Lack of notification of the claim to the project manager : a scope still uncertain on the admissibility of the claim


The question of the scope of the formality imposed by section 50.1.1 of the Book of General Administrative Clauses applicable to Public Works Contracts (hereafter “the GCCC Works”) is increasingly being put to the administrative judge. 

However, the question has not yet been decided by the High Court, even though a recent ruling may suggest that the penalty for failure to notify the project management of the statement of claim is the inadmissibility of the claim.

Reminder of the GCC Letter Works

In accordance with GCC Article 50.1.1 :

« 50.1. Claim Submission:

50.1.1. If a disagreement arises between the holder and the project management, in the form of reservations made to a service order or in any other form, or between the holder and the representative of the contracting authority, the holder shall prepare a statement of claim. In its statement of claim, the holder shall set out the reasons for its disagreement, indicate, where applicable, the amounts of its claims and provide the necessary justifications corresponding to these amounts. The holder shall forward his statement of claim to the representative of the contracting authority and send a copy to the prime contractor.

 If the claim relates to the general statement of account of the contract, this statement shall be transmitted within 45 days of the notification of the general statement of account. The memorandum shall set out, under penalty of foreclosure, the claims made prior to the notification of the general statement of account and which have not been settled definitively.»

The notification to the project management of the copy of the company’s statement of claim is valid :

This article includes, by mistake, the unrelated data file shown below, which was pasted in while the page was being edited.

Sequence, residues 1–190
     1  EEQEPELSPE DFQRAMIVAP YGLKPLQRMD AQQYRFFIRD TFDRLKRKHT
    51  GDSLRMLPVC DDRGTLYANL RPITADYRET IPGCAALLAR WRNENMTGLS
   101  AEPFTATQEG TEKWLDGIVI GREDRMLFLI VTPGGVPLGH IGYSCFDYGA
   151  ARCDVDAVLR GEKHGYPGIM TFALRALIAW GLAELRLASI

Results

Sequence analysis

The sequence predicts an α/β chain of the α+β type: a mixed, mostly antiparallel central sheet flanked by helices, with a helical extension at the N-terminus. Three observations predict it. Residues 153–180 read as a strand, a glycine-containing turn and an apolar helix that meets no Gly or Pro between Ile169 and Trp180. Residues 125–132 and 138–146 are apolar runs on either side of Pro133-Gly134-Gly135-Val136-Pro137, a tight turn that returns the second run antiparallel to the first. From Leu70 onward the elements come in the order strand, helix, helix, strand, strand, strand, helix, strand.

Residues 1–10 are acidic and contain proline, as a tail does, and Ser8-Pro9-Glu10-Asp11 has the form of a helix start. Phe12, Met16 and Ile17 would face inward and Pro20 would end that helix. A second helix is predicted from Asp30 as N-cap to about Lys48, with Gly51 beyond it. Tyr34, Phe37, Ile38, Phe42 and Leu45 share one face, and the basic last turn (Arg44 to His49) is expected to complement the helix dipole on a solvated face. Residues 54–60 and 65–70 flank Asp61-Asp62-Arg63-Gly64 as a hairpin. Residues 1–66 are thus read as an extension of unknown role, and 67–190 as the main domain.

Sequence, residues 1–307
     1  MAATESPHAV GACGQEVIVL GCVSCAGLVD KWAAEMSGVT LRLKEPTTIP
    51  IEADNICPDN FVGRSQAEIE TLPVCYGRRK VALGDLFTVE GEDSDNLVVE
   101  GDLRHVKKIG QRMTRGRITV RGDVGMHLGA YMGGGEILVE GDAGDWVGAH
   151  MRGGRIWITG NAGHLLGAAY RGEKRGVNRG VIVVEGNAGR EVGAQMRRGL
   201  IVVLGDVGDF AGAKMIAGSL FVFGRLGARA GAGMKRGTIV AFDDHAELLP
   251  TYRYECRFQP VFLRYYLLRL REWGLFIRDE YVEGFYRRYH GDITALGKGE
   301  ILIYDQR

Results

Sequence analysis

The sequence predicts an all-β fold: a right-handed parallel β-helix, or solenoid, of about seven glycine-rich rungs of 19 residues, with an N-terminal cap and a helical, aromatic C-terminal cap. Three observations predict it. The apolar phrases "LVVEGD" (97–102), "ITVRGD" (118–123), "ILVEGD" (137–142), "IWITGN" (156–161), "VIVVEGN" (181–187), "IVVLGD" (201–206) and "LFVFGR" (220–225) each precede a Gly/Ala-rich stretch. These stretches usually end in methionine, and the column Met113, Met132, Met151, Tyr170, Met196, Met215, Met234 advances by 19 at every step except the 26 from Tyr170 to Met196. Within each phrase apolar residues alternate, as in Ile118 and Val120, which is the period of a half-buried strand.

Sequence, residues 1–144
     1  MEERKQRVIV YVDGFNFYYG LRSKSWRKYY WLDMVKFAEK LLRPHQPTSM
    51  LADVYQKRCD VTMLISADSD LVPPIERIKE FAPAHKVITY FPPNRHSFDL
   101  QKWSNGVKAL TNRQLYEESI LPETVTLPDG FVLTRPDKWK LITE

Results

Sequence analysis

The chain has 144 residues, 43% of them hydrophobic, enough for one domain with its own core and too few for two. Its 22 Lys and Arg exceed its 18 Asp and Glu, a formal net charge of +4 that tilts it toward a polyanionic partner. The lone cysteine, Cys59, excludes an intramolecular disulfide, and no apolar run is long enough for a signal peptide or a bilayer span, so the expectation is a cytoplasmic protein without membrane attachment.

• For disagreements arising in the course of the execution of the contract;
  • For disagreements arising at the time of drawing up the general statement of account. 

No doubt when the applicable GCC Work is that of 1976

The significance of this formality on the admissibility of the company’s claim has recently been the subject of interesting judgments and rulings in that they seem to highlight the willingness of administrative judges to take a strict reading of the GCC Works.

The Council of State, in an isolated case, has already been able to rule that a claim that had not been transmitted to the project manager[1] was inadmissible.

However, this ruling was endorsed by the 1976 GCCC Works and its scope is difficult to transpose to contracts governed by the 2009 GCCC Works, the stipulations of the two documents not being identical.

In a more recent case, the Bordeaux Administrative Court ruled that any disagreement between the person responsible for the contract and the contractor governed by article 50 of the GCC must be settled by a written statement of claim, which must be sent to the project manager and the project owner, failing which the claim for compensation[2]  will be inadmissible: 

« Secondly, however, if Razel-Bec claims that the group’s representative sent a statement of claim on its behalf to the project manager on December 17, 2009, and that the latter received notification of this on December 21, 2009, it produces in support of this claim only documents proving that it was sent only to the project owner, the CACEM. It does not establish, either before the court or in the first instance, that it had sent to the project manager, within the deadline set for it, the memorandum required by article 13.44 of the general administrative clauses applicable to public works contracts ».

Under these conditions, the administrative court rightly considered that, in the absence of having sent the memorandum required by articles 13-44 and 50-22 of the book of general administrative clauses applicable to public works contracts to the project manager, Razel-Bec’s claim for compensation was inadmissible. »

It should be noted, however, that here again the judges were dealing with a contract governed by the provisions of the 1976 CCLS Works. 

So what about contracts subject to compliance with the 2009 CCLS Works?

To our knowledge, only the Administrative Court of Lille[3] has, at the time of writing of this article, been seized of the question.